Who Can I Sue If a Defective Prescription Drug Injures Me?
You go to the doctor because you are experiencing pain, headaches, congestion, nausea, or a host of other symptoms. Your physician performs an examination and might perform diagnostic tests. After concluding the examination, your doctor prescribes one or more prescription medications to treat your illness or condition. You then go to the pharmacy to have the prescription filled. Your pharmacist hands you a bottle of pills but does not offer any explanation of side effects or offer any printouts regarding the medication.
After taking the prescription medication for a few weeks, you notice that you are not feeling well, or you have new symptoms. You report these symptoms to your doctor, who changes your medication. Hopefully, you will not suffer any long-term negative consequences from taking the medication, but you cannot know for sure. If you do, is the doctor or the pharmacist responsible?
Before the prescriptions drugs are marketed, drug manufacturers have the responsibility of conducting independent trials to test the safety and effectiveness of a medication before marketing it to the public. In addition, the U.S. Food and Drug Administration (FDA) has the responsibility to review the information provided to it by pharmaceutical companies, physicians, patients, and others and act accordingly if it finds a problem with a drug. In some cases, the FDA may conduct random tests for some drugs, but most tests are conducted by the companies that stand to profit from the drug.
Drugs Have Side Effects
Every drug has the potential to have negative side effects for the patient, but each patient is unique. One patient could experience blurred vision or mild aches while another patient could suffer seizures from taking the same medication.
Therefore, the drug companies have a duty to provide a warning for all potential side effects that it is aware of so that doctors and patients can make an informed decision whether to use the medication. To do this, the company must conduct thorough trials and research. What if the company fails to do so? Who is responsible?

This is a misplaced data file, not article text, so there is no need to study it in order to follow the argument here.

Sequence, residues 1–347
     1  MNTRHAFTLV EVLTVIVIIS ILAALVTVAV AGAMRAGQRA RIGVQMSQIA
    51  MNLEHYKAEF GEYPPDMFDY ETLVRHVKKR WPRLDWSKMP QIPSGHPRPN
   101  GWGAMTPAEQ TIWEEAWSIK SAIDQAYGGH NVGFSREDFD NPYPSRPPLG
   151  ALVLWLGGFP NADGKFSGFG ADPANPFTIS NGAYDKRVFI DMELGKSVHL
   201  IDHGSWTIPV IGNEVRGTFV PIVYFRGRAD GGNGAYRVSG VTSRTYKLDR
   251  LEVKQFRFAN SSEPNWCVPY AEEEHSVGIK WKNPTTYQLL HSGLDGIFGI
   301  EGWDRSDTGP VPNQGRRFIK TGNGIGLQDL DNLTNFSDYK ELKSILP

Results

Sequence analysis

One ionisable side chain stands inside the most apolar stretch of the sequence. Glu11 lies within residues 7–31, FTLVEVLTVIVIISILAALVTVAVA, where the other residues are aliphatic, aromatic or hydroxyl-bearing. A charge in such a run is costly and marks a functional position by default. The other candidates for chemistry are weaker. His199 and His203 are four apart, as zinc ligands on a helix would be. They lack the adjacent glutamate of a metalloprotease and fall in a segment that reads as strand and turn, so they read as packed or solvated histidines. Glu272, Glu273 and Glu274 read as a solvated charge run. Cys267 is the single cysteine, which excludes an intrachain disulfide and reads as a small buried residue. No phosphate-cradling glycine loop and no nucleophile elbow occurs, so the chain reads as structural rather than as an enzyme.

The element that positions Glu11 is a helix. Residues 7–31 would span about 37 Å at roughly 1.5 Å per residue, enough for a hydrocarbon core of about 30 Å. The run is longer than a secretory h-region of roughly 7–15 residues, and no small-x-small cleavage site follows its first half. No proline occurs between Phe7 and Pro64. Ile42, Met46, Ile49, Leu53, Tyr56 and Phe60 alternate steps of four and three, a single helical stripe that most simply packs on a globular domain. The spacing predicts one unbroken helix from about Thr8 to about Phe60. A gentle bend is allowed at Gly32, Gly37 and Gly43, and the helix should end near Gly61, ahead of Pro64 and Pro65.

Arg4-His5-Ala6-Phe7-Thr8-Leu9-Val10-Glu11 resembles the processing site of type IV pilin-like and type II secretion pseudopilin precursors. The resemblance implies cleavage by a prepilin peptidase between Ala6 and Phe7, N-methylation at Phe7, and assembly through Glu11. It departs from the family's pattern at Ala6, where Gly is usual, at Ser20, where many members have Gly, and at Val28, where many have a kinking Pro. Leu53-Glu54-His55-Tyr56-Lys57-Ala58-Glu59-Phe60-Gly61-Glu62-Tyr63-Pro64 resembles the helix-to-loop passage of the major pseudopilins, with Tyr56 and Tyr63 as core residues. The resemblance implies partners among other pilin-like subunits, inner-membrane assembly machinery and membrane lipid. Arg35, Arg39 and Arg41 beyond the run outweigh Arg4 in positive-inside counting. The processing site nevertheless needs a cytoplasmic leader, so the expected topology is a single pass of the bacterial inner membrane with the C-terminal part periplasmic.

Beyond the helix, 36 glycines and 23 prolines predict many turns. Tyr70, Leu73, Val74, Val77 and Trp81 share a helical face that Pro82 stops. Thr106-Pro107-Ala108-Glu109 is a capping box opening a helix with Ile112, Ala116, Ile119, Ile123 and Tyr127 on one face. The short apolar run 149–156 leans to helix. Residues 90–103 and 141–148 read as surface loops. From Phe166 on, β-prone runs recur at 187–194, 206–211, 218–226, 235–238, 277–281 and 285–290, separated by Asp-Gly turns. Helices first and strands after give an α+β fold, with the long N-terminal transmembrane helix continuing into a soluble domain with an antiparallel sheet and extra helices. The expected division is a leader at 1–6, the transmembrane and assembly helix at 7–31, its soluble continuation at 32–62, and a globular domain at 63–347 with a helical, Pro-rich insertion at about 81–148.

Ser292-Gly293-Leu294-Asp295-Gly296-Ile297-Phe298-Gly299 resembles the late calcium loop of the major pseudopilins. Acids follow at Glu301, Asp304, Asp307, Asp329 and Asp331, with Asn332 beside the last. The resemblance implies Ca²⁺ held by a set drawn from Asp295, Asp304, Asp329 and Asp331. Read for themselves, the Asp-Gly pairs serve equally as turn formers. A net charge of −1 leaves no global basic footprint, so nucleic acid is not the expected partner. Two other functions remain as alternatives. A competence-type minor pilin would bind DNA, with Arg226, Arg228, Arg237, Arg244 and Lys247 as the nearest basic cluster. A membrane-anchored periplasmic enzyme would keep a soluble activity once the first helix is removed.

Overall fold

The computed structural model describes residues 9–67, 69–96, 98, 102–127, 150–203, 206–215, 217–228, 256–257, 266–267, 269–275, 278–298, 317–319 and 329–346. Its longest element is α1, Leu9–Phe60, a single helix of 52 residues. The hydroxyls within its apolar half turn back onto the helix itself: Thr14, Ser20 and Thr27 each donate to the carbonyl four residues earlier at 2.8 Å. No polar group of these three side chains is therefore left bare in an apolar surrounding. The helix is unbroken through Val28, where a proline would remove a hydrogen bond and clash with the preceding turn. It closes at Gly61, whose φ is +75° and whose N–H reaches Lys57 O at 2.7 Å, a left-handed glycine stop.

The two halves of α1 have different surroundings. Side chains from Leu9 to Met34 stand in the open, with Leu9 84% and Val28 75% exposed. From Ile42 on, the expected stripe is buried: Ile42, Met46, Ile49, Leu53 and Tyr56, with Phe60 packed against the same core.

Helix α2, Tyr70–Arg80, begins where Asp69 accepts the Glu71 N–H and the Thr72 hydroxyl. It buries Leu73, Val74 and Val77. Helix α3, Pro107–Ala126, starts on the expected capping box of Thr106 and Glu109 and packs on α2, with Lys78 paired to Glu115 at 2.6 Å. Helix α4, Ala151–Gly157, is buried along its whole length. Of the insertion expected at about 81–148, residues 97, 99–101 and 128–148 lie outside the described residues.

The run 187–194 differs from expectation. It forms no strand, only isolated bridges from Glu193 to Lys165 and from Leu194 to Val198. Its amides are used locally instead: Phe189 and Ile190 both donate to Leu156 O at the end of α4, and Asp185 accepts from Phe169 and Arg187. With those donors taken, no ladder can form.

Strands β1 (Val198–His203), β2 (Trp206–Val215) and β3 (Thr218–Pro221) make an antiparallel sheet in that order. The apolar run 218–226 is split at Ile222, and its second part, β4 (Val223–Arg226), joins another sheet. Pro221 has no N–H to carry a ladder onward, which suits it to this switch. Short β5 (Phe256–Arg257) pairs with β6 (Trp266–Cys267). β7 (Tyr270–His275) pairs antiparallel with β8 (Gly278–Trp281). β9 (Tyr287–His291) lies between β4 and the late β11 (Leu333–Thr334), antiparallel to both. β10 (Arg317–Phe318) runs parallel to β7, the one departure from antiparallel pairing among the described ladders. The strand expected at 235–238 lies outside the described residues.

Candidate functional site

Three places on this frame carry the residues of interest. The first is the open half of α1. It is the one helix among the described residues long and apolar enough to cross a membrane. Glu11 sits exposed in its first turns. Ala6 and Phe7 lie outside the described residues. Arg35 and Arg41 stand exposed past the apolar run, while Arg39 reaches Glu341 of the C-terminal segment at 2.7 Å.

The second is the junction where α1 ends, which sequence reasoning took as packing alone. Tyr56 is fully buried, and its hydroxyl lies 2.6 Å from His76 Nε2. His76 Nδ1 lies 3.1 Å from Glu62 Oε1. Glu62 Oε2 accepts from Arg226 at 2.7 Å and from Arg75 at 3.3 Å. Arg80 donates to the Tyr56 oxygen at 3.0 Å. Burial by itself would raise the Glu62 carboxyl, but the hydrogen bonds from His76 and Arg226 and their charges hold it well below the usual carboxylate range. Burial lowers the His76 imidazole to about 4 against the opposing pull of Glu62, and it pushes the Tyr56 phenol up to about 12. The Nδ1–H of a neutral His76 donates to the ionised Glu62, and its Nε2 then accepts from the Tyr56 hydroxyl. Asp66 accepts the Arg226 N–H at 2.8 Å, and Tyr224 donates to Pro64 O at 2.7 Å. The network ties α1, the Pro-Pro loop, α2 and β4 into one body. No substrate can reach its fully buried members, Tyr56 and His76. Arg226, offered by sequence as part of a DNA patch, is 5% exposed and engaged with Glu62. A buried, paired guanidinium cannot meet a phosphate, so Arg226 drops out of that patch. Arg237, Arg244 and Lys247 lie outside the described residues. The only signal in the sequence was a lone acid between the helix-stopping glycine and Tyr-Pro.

Let’s assume the drug company has done everything correctly, but the manufacturer changes the information it includes on the label or the doctor prescribes the medication for an illness that the drug has not been approved to treat. Who is responsible?
Investigating a Defective Drug Claims
As you can see, many questions must be answered before you can file a claim because a defective drug injured you. In some cases, we know that the prescription medications are causing severe injuries and deaths and there are already lawsuits against the drug companies and other parties. In other cases, we must conduct comprehensive and exhaustive investigations to determine the liable parties for a prescription medication lawsuit.
Because our pharmaceutical lawsuit attorneys have extensive experience handling defective drug cases, we understand what is required to determine the parties liable for your injuries. Furthermore, our law firm has built a strong network of people and resources we can utilize as we investigate a claim to ensure that we do not miss any evidence we can use to hold big drug companies liable for their actions.
Our pharmaceutical attorneys represent clients who have been injured by dangerous drugs including:
However, our defective drug attorneys also investigate other claims regarding defective prescription drugs. If you believe that a prescription medication has injured you, contact The Fox Law Firm, P.C. for a free consultation by calling 1-866-FOX-FIRM or 1-866-369-3476.